On the spot
In tonight’s second-half opener against Jays, Sox’ Buchholz finally gets his start
TORONTO - In late May and early June, Red Sox general manager Theo Epstein began trying to find a major league game for Clay Buchholz to pitch. Buchholz, with his dominance during spring training and at Triple A, proved he had conquered and moved beyond the mess of last season. Buchholz was stuck in Pawtucket owing to circumstance, a minor league pitcher in title only.
During occasional dialogue, Epstein made certain Buchholz knew the organization believed he remained an important part of the franchise’s immediate and long-term future. But Epstein wanted not only to tell him, but to show him.
“Sometimes, actions speak louder than words,’’ Epstein said. “When you have someone who is talented who happens to be stuck in Triple A, sometimes there is a finite period of time where a player can keep his motivation and spirits up.’’
And so tonight, the schedule and roster having aligned at last, and Buchholz will make his one-time-only (for now) return to the major leagues. When the Red Sox begin the symbolic second half of their season against the Toronto Blue Jays, Buchholz will make his first start for the Sox since Aug. 20 of last year, the day before he was demoted to Double A Portland.
“This is an opportunity to let him know he’s still important,’’ Epstein said. “I think it’s a good day for him, to be able to earn his way back to the big leagues. He deserves to be up here. He’s pitched in Triple A this year, but he’s pitched at the level of a very good big league starting pitcher.’’
In the season’s first half with Pawtucket, Buchholz went 7-2 with a 2.36 ERA and a 0.98 WHIP (walks and hits per innings pitched), second best in the International League. Buchholz allowed yesterday that he’d be lying to say there has been no frustration in staying in Pawtucket for the first half of the year. By last night, when he ambled into the Rogers Centre visiting clubhouse to dress for a workout, those feelings had melted away.
“It’s been an opportunity I’ve been waiting for all year,’’ Buchholz said. “It’s definitely good to get back up here and get into a big league park. Pitching in Triple A all year, it’s definitely not where I wanted to be. But the things that have gone on in this organization, having the best pitching staff in the league, it’s hard to come out and get a spot start. I’m excited I get to come out here and pitch.’’
The night will be another milestone in a redemptive year. When Buchholz arrived at Double A last fall, he met with Portland pitching coach Mike Cather, one of the people closest to Buchholz in the organization. “My head is spinning around,’’ Cather recalled Buchholz saying. “I didn’t know what was happening. I couldn’t slow the game down.’’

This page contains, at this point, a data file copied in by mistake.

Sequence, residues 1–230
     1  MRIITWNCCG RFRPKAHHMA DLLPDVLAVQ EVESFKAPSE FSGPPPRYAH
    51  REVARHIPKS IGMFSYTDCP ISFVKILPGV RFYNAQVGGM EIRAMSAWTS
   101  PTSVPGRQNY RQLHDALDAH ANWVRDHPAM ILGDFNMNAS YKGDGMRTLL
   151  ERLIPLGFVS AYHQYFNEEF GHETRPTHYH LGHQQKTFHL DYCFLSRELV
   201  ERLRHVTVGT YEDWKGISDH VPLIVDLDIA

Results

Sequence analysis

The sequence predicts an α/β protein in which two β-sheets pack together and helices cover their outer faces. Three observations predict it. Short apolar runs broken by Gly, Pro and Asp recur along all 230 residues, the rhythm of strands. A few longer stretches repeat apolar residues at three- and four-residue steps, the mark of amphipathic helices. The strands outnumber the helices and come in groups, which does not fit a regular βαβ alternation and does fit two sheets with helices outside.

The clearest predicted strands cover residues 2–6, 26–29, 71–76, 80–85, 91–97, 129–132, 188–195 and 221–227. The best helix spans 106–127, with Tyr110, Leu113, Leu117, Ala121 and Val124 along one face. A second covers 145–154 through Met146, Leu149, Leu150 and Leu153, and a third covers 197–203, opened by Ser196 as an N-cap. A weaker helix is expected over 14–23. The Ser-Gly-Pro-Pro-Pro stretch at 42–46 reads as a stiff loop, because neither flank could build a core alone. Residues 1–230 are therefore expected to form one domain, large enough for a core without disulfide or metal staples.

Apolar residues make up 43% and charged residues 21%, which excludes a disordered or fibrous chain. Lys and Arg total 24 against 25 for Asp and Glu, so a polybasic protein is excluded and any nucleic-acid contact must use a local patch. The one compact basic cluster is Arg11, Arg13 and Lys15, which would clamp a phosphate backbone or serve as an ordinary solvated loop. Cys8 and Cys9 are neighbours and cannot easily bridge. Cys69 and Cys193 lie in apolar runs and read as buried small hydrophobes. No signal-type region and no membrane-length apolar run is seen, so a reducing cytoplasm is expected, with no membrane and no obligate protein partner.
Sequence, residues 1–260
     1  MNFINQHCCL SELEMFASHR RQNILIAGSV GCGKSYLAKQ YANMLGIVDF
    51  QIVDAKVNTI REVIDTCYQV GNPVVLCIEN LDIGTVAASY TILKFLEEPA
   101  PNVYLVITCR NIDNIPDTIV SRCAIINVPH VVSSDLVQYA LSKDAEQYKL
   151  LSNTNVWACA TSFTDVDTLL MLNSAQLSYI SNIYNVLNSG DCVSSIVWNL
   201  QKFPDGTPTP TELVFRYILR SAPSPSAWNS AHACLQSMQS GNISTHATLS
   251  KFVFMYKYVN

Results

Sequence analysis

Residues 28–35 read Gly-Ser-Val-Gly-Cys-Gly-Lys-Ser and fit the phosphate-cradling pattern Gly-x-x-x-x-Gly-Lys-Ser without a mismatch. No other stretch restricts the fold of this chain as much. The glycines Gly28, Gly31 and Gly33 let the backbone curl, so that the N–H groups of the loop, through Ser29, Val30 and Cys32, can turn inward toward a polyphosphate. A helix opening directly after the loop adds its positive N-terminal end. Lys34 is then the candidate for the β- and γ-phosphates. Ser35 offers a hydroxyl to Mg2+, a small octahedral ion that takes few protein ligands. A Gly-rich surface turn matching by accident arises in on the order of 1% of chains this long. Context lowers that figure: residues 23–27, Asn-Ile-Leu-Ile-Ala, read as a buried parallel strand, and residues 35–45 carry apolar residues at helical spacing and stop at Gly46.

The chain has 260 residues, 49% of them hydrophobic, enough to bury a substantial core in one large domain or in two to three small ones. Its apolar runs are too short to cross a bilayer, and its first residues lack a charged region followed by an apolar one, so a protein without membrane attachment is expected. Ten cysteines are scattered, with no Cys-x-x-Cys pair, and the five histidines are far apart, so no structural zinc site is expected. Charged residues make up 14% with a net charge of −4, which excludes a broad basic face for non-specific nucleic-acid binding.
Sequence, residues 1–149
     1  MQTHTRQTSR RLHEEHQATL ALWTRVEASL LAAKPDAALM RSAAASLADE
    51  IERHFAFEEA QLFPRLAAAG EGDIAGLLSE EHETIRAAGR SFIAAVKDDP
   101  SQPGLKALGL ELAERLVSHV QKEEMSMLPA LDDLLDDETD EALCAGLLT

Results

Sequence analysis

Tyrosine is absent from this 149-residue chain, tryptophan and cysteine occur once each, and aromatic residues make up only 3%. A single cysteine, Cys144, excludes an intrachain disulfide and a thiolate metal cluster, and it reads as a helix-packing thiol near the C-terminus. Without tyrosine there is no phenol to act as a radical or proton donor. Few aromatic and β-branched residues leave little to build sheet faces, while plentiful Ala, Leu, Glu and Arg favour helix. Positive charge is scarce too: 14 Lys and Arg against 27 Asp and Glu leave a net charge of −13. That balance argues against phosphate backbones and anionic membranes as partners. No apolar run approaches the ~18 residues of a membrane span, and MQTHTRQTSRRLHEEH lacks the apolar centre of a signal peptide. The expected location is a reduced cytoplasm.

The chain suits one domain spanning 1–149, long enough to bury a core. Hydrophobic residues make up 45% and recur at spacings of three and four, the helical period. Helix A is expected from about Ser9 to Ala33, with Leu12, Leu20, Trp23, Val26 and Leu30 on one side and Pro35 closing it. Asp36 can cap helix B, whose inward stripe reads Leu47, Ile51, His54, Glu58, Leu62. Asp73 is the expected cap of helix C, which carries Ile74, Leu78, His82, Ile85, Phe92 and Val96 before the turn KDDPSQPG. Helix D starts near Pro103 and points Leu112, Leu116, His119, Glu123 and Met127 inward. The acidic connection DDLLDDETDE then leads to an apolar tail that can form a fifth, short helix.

Cather and Sea Dogs manager Arnie Beyeler worked to restore Buchholz’s confidence. After the season concluded, the Red Sox sent Buchholz to the Arizona Fall League, where Cather joined him. Buchholz concentrated on finding the proper tempo on his delivery, and Cather emphasized pitching with his fastball and changeup, not relying on his elite curveball.
In Arizona, Buchholz would throw three or four good outings or bullpen sessions and then revert to his old mistakes. But Cather saw Buchholz transforming. During a bullpen session in Surprise, Ariz., Buchholz threw a pitch and then shook his head. Cather asked if he was unhappy with the execution. Buchholz smiled and said, “No. I haven’t felt this good in a year.’’
Buchholz returned home in the offseason and continued fine-tuning his delivery. When he arrived in Fort Myers, Fla., for spring training, he and Cather talked about their initial meeting in Portland from the early fall.
“He laughed it off,’’ Cather said. “He said, ‘That seems like four years ago.’ He felt like he had come that far.’’
Before his final start of spring training, the only one in which he had trouble, Buchholz carried a 0.46 ERA. He used only his fastball and changeup to mow through orders, his fastball darting with more movement than before. He still had his curveball -- “plus-plus,’’ Cather said - but he proved his approach to pitching had matured.
Buchholz forced the Red Sox into a difficult decision concerning his immediate future at the end of spring training, but he began the year in Pawtucket. “He’s used this time to his advantage,’’ Epstein said. “His mental process is a lot better.’’
Success came at Buchholz like a whirlwind after he threw a no-hitter in his second major league game at the end of 2007. Buchholz has matured since the halcyon beginning to his career. Earlier this season, he became engaged.
“He’s added a lot of stability to his life,’’ Epstein said.
In 2007, Buchholz could hardly sleep for a couple nights before his major league starts. This week, Buchholz said, “has gone just about as smooth as the rest of the year has. I’m ready to go. Go out there, throw strike one, go from there.’’
Asked if Buchholz might be overly excited, manager Terry Francona smiled and said, “Maybe.’’ But he also expressed confidence in Buchholz’s ability to handle the moment. “It’s not his first time here,’’ Francona said.
Buchholz spent yesterday engaging with his teammates, a group he was a part of most of last year and during spring training. “It seems like it’s been forever since I’ve been in the same clubhouse with all these guys,’’ Buchholz said. “I’m real anxious to get out there tomorrow and give it all I got.’’
“We’re talking about a guy who has been there before,’’ Cather said. Still, “he’s going to be amped. He’s going to be coming out of his shoes on his fastball. He’s going to be fired up. He’s wanted this for the last three months, at least. I’m going to enjoy watching it.’’
Adam Kilgore can be reached at firstname.lastname@example.org